Dr. Jekyll and Mr. Hyde study guide contains a biography of Robert Louis Stevenson, literature essays, a complete e-text, quiz questions, major themes, characters, and a full summary and analysis.
In another manifestation of silence in the novel, no one who meets Hyde can describe exactly what it is about his appearance or face that makes him seem evil, but all agree that upon meeting or seeing him, they felt a sense of horror. Finally, much of the important details regarding the nature of Jekyll and Hyde are passed on in written form rather than in speech. In a letter written just before his death, Lanyon instructs Utterson not to read the contents until the death or disappearance of Jekyll. Similarly, Jekyll writes his final confession in a letter to Utterson, rather than sharing his secrets in person. Interestingly, none of these letters provide details into the unseen aspects of Hyde's life. The reader never learns what other evil actions Hyde took, and is only left to wonder at the degree of his violence, brutality, and moral depravity. In Utterson's world, where all details of life and law are placed in official documents, language is regaled as a stronghold of rationality and logic. Therefore, perhaps the lack of language or communication between characters and related to Hyde demonstrates that the supernatural occurrences in the novel push the world beyond the logical, and therefore beyond speech.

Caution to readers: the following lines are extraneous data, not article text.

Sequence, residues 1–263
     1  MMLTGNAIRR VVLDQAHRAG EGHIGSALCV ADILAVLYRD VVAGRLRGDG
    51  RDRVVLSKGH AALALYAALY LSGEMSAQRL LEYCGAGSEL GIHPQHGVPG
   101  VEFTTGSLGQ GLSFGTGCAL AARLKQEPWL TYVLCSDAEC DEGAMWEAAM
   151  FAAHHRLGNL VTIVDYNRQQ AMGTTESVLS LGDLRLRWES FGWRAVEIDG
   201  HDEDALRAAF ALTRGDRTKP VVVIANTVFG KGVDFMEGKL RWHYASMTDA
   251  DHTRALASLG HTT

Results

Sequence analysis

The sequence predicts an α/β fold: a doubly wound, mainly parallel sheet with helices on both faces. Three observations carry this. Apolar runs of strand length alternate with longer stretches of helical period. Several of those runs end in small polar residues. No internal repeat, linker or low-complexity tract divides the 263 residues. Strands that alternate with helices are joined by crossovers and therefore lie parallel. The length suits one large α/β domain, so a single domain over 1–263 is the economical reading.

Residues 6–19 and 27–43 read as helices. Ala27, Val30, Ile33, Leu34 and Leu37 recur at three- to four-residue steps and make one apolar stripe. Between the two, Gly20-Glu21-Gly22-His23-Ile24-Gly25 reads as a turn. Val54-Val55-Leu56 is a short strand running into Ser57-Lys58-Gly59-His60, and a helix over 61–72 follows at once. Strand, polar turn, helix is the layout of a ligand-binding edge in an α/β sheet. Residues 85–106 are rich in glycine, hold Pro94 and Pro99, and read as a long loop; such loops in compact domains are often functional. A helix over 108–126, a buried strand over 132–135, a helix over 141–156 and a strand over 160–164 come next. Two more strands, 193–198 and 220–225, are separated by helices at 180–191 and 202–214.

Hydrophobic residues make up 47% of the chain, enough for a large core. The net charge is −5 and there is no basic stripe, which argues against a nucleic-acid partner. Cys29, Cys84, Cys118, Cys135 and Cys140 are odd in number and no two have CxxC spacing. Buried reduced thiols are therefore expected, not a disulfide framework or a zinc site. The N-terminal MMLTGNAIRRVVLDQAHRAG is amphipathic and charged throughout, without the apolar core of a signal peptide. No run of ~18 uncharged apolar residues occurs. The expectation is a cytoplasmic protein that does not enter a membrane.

Critical Essays term papers (paper 5376) on Dr Jekyll and Mr Hyde: DR
Much of the dramatic action in consists of damage control. In other words, Utterson tirelessly works to prevent his good friend Dr. Jekyll from being dragged into the horrid affairs of Mr. Hyde, and Dr. Jekyll goes to the greatest of lengths to prevent his Hyde identity from being discovered, in order to avoid anyone knowing of his somewhat questionable scientific work and morally despicable behavior. The novel takes place in Victorian England and the main characters are all male members of the British upper class. Enfield, Utterson, Lanyon and Jekyll are all acutely aware of social expectations and the importance of appearance. Even in the first chapter, Enfield is wary of sharing his story of the mysterious door because he abhors gossip, as it destroys reputations. In kind, Utterson refrains from informing the police that Jekyll is a close friend of Hyde's following the murder of . Rather, to maintain his friend's reputation and protect his public image, Utterson goes to Jekyll directly to discuss the matter.